Mid Ayr @ Black Bear Lodge, 24th June

It’s a windy winters Friday as I arrive early in the Valley. I’m here to see Mid Ayr, who are launching their eponymous debut EP, but I’m also intrigued by the opening acts These Guy and Daggy ManAs I enter Black Bear Lodge I find myself transported to a 1930s Colorado ski lodge. Embracing its undeniable ethos,  I order a scotch and dry and find my way towards the stage.

Daggy Man is Tom Calder and his acoustic guitar. This is, he informs us, his first live performance since his days as the lead of The Trouble with Templeton. His new music, which he self-describes as a ‘scrapbook of memories’, is presented to a rather subdued but nevertheless attentive audience.  There is a tender quality to his performance and, for some of his more emotionally-tinged tunes such as ‘What You Desire’, the crowd is brought to a total, almost reverential, silence.  As the set progresses, I start to find that something about his music, his demeanour – and even his self-deprecating meanderings between songs – seems to compliment perfectly both my scotch and the rustic intimacy of the venue.

As a result of this, I am rather thrown off by the second act of the night – These Guy – whom I know nothing about in advance.  “Have you heard of these guys before?” a pun-loving fellow crowd member chuckles to his mate. The band make electro-acoustic pop reminiscent of Ariel Pink. And at their best, notably with the tune ‘Coming Around’, it is worthy of that comparison. But there seems to be some technical issues going on; they don’t get their levels right and the vocalist is drowned out for most of the set. I’m also not a fan of the musician-fiddling-with-laptop during performance thing. There’s certainly potential here though, so I’m willing to cut them some slack for a rather unpolished performance.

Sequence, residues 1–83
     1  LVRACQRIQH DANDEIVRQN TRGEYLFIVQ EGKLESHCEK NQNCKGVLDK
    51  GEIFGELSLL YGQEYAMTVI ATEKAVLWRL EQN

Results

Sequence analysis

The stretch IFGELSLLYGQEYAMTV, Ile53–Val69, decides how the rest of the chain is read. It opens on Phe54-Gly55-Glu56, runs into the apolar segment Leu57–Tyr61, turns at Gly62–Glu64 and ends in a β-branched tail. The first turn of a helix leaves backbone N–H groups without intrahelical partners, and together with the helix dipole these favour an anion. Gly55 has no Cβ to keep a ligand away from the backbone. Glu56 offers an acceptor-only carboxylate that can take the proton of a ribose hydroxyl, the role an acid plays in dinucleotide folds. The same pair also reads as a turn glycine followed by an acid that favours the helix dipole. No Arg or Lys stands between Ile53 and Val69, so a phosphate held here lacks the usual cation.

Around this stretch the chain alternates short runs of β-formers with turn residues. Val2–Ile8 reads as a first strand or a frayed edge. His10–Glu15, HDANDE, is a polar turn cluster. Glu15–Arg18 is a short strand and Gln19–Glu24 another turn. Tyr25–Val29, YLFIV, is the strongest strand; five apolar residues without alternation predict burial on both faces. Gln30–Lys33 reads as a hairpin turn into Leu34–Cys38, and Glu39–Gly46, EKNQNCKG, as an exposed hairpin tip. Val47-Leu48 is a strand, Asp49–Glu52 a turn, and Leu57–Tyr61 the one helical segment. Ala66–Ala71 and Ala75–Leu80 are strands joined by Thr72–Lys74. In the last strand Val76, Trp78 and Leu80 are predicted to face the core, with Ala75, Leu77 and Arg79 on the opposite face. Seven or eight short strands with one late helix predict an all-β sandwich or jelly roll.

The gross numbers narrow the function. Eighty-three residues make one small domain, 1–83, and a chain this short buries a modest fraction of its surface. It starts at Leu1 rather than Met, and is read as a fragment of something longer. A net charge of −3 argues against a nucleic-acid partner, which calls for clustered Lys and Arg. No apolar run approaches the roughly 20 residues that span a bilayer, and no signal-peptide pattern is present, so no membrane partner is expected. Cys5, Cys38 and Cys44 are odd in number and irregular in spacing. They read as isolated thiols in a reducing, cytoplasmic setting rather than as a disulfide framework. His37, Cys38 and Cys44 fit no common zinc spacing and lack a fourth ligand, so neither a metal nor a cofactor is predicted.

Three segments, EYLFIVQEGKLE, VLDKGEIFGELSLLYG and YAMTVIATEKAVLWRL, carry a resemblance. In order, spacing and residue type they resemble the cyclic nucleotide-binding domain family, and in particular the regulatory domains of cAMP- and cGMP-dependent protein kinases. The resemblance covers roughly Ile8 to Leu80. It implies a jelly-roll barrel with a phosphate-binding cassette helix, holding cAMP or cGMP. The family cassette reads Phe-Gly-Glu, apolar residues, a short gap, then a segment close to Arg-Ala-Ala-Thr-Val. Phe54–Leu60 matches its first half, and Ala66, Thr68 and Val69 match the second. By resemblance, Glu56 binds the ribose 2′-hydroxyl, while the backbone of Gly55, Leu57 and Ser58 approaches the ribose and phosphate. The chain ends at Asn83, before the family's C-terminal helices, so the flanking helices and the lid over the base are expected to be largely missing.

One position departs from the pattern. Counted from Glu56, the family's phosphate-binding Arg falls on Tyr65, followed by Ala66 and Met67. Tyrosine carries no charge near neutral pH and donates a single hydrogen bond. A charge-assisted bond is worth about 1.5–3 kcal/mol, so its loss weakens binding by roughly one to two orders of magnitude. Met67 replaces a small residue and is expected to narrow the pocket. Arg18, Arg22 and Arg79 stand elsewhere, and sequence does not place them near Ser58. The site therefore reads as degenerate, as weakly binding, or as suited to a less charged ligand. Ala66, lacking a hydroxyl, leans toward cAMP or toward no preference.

As the audience awaits the headline act, I notice that there has been a marked change in demographics among us. The couples-in-arms and after-work professionals have become subsumed by larger groups of the-early-mid 20s. The scotch is gone and I’m now cupping a schooner of beer. Mid Ayr begin with Hugh Middleton alone on stage, soloing with his guitar. Unfortunately, the crowd is somewhat boisterous, and many seem blithely ignorant to the fact that the performance has started. While clearly not his fault, it is also apparent that Hugh is less adroit at the subtle art of audience interaction as that espoused by his friend and former band mate Daggy Man.

Performance wise, however, it’s a different story.  Hugh Middleton takes centre stage, and his talent as both a guitarist and crafter of floating  melodies is on full display (ably abetted by drummer Zac Moynihan and the talented Alex Le’strange on bass). I am taken by pleasant surprise at the vocal range, which traverses from soft crooning to full-bore belching. Heartbreak tinged with angst provide the thematic content for most of Mid Ayr’s songs, but Hugh realises that lyrics can often be lost in live performance, and successfully extends his voice as an instrument. Evil Is and  Letting You In are particular highlights, and have the crowd rollicking. However, while the full-band sound definitely complements Hugh’s songwriting, I would’ve liked some of the songs to be more stripped back – particularly the melodic My Mayhem. The change in dynamics would have made the ending even more powerful, as Mid Ayr crescendo to a wall of driving sound and lights, echoing the harsh, distorted pain of heartbreak. It’s a grand and fitting ending, though, to a night of diverse and promising local music.

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